Quarterback puts on a national TV show in 38-10 victory Darren Urban
ARLINGTON, Texas -- It'll never be the House That Kyler Built, but it feels like Kyler Murray is so much more than just at house guest at AT&T Stadium.
Murray came back home Monday night to lead the Cardinals to a 38-10 dismantling of the Dallas Cowboys in front of a national television audience, the seventh time in seven tries across three levels of football Murray has won in the building.
Help was plentiful, especially from Budda Baker and a Chandler Jones-less defense that played its best game of the year. But the story was Murray - and fellow Texas kid Kliff Kingsbury - as they had a glorious homecoming.
"It was fun," Murray said. "It brought back a lot of memories. It felt like I've been playing there every Sunday, honestly.
"It was comfortable. It started off sloppy. For me personally, the whole game was sloppy. We still can be a lot better."
Murray won in the building five times as a high school superstar at Dallas' Allen High School, including three state championships, and again as a starter in the Big 12 Championship game when playing for Oklahoma.
Monday's game wasn't for a title, but it meant something for Murray and the Cardinals (4-2), especially with a home date against the undefeated Seattle Seahawks on a short week.
"It's not easy when that's all anyone has talked about all week," Kingsbury said. "I'm proud of the way (Kyler) handled himself."
Murray was not always sharp throwing the ball. He completed only 9 of 24 passes, and only one in the second half. But he was the one who turned the game. It started with his legs - Murray ended up with 74 yards rushing and a touchdown - and eventually coming up big with his arm.
After he and Andy Isabella couldn't hook up on a pair of deep shots early, it was Murray scrambling or on designed runs keeping drives alive, in part thanks to a couple of Ezekiel Elliott fumbles.
Then Murray found Christian Kirk in stride for an 80-yard touchdown bomb.
"That was a play we needed," Kirk said.
Murray's lone second-half completion was to DeAndre Hopkins, a 60-yard catch-and-run to set up another touchdown. He finished with 188 yards passing.
"He's just so special with the ball in his hands," Kirk said. "It was only nine completions, but ... the scoreboard said it all."
Kenyan Drake, thanks to a late 69-yard touchdown sprint, also had the breakout game he was looking for, with 169 yards and two touchdowns.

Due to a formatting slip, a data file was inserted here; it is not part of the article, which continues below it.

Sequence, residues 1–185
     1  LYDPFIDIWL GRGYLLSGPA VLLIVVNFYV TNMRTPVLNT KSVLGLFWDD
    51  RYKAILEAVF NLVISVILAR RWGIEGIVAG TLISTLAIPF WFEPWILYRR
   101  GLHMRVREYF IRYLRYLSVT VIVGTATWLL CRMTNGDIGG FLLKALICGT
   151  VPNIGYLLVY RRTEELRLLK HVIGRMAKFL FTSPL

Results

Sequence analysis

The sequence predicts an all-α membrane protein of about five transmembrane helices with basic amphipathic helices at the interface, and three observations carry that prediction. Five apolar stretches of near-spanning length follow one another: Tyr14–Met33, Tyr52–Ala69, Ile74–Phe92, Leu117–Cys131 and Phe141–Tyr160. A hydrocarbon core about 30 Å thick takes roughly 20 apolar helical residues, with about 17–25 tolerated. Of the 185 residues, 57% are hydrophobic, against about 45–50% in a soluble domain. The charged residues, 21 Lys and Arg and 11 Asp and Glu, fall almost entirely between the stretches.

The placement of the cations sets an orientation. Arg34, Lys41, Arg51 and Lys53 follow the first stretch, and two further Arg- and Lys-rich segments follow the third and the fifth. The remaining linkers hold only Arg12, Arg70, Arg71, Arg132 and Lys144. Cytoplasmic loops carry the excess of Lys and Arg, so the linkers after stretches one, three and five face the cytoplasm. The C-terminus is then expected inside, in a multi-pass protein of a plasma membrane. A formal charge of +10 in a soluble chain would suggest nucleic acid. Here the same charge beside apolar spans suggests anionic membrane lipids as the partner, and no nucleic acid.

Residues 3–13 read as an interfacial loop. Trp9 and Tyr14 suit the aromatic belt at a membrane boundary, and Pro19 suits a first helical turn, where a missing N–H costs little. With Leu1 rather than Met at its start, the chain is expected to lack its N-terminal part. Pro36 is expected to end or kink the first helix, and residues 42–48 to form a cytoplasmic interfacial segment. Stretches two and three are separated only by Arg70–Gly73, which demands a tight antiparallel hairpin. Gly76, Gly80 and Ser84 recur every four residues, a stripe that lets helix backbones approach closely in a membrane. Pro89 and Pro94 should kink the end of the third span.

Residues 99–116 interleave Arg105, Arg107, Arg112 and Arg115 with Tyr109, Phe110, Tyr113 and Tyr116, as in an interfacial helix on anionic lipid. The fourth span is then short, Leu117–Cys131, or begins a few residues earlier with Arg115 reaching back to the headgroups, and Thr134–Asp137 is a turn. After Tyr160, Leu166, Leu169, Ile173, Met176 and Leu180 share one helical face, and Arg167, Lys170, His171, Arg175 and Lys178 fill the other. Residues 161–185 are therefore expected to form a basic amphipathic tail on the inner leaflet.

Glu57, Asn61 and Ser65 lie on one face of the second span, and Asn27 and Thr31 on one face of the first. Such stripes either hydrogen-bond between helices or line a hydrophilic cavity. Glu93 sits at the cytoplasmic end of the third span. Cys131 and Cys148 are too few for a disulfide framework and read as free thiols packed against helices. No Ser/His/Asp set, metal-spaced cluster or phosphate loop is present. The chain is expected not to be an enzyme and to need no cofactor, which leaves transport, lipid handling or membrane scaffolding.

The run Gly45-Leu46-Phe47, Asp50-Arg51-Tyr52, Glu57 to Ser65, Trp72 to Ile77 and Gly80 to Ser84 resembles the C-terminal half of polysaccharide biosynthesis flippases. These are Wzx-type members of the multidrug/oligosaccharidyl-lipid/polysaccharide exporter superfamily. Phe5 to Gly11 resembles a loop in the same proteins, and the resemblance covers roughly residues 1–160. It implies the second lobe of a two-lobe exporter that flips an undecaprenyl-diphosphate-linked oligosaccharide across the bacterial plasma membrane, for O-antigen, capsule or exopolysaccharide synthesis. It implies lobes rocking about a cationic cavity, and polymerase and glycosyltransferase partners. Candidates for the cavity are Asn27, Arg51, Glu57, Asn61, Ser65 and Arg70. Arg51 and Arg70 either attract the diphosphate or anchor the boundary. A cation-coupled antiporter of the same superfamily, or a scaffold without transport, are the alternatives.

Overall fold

But if Murray was the story, the defense was the surprise twist. Baker had one of his best games, including his first NFL interception as the Cardinals forced four turnovers - one more than they had total in the first five games of the season. Defensive tackle Jordan Phillips, playing two days after the funeral for his father, led the way to a group that allowed only 49 yards rushing to Elliott.
Andy Dalton, starting at Cowboys quarterback after Dak Prescott broke his ankle, never really had a chance. He was sacked three times and picked off twice, and in the first half as the Cardinals built a 28-3 lead, he completed 15 passes - for only 82 yards.
"We just tried to show him different looks," Baker said. "We knew if we just showed our (regular) looks, he was going to dice us."
Instead, defensive coordinator Vance Joseph showed he was ready to deal with a unit without Joens at his disposal.
"VJ and his group had a good plan," Kingsbury said.
Kingsbury also had a history in the building. The last game he coached at Texas Tech was here, a loss to Baylor. But he insisted his greatest pleasure was watching his players.
"I was excited to see our team play on the Monday night stage," Kingsbury said. "That's what was meaningful to me."
It started with Murray. "He doesn't flinch," Kirk said, although Murray afterwards completed everyone but himself. He said he didn't even have words to describe how well the defense played, and lamented missed throws to Hopkins and Larry Fitzgerald - the latter of which would've been a touchdown.
He allowed himself a small smile when he was asked if he was able to enjoy the moment, back in this building, back in front of many family and friends among the 25,174 in attendance.
"Part of me wants to," Murray said, "but a lot of me is frustrated. It wasn't as good as it should've been."